Dec 10th 1914
My dear Father
I don’t seem to have written home for some little time, so you will be looking for news of me. Arrangements have been made to give us all a week’s holiday. We go a company at a time and the first started this morning. Our time is to come next, so that we are to start on 17th and have to return on the evening of 23rd. Apart from one’s own personal likes and dislikes this scheme of returning two days before Christmas is exceedingly unsatisfactory. I know the men well enough by this time to be perfectly sure that scarcely any will come back until the Saturday or Monday, in fact I gather from my NCOs that this is already an understood thing among them. Breaking pass has been the commonest of all these offences all along – partly because leave has been too much restricted in our brigade. Serious penalties have lately been imposed, but there is safety in numbers, and all that it may be possible to do will be to stop a lot of the men’s pay which will make them all the more discontented. I believe the CO appreciates the unsatisfactory nature of the business but I don’t know whether any change can be made. I sympathize very much with the men. In the first place it is going against human nature to ask anybody to return from leave two days before Christmas; in the second place our men justly claim that they are the only company who did not get 3 or 4 days general leave after the firing, that therefore they deserve some extra recognition now. All things considered there is every reason for altering or extending our time so as to include Christmas if that is possible. But I doubt if it can be done, because we are supposed to hold two emergency companies permanently in readiness and all present, as we are not quite fully up to strength, it needs 3 companies to manage this properly.
So though it seems just possible that a change will be made, still I expect my leave will be from 17th to the 23rd. Meanwhile Mela informs me that (previous to knowing definitely what my arrangements were) she has got on the right side of Matron and secured leave from 23rd to the 26th. This will only just overlap mine, unless one or other gets altered. As Mela got hers specially to have a chance to see me I hope she may get it changed if mine remains the same.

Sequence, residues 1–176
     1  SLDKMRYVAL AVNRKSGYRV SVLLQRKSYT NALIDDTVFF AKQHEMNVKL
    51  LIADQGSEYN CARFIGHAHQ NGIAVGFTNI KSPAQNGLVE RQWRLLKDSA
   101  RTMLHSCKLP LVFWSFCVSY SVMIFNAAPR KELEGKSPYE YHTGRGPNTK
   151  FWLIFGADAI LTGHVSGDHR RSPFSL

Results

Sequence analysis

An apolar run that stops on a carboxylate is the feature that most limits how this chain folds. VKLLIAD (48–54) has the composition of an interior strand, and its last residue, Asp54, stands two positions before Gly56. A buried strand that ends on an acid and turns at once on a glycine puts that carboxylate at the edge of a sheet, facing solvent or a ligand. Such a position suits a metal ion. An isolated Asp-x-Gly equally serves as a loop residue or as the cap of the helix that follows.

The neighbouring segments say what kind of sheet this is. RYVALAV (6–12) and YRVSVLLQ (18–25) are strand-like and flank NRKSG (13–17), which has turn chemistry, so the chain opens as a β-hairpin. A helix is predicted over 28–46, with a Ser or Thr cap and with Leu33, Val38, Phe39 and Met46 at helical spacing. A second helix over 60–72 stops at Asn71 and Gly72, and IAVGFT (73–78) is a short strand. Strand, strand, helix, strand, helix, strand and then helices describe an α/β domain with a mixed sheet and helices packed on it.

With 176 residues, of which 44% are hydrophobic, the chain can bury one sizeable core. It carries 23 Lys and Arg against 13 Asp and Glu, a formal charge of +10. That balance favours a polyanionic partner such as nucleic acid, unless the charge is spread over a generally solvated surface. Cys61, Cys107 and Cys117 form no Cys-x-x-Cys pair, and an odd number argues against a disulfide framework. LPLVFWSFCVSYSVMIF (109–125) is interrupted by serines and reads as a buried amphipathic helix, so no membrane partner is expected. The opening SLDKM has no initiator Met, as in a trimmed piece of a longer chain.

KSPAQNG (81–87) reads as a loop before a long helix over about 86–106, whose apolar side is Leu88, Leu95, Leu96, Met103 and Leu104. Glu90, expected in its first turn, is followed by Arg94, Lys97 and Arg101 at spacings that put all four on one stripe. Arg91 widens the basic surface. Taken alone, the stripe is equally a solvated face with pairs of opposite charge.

We have it on the authority of orders that in the normal course of events we shall continue our training until the end of February, after which time we may be expected to move to the front at any time. I believe the artillery is the least advanced in training at present, I hear that the whole of the first new army of 170,000 is to go out together, and there is no intention of using us by bits for drafts and reinforcements.
We did a march of 18 or 19 miles today. Rations are carried in a wagon, and the men cooked their own meals at midday, when we had a long halt for the purpose. It was the first attempt, and more generally successful than had been anticipated I think. The weather was perfect for a march, and the men did it well, and seemed to enjoy the whole outing thoroughly. They arrived back very cheerful, and not showing many signs of fatigue, though not sorry to be back again in barracks.
You asked whether the men could do with shirts etc. I could easily find worthy recipients for a fair number of such things, especially shirts, socks and mittens would I think be very acceptable. Send the parcel to me if things are available, and I will give away what I need and hand over excess for other platoons of the company.
I have to make a return of my income to the income-tax. I want to insert the cottages’ share, so will you tell me what it is, also the “full description” they ask for of the property, as I forget which are allotted to me. As a matter of fact I sent in a return early in the summer at Sydenham, so I don’t really know whether I need do this; but as my previous estimate was necessarily all wrong perhaps I had better revise it as long as they ask.
I greatly look forward to a week’s holiday and decent unmilitary existence.
Best love from
Your affectionate son
Cyril E Sladden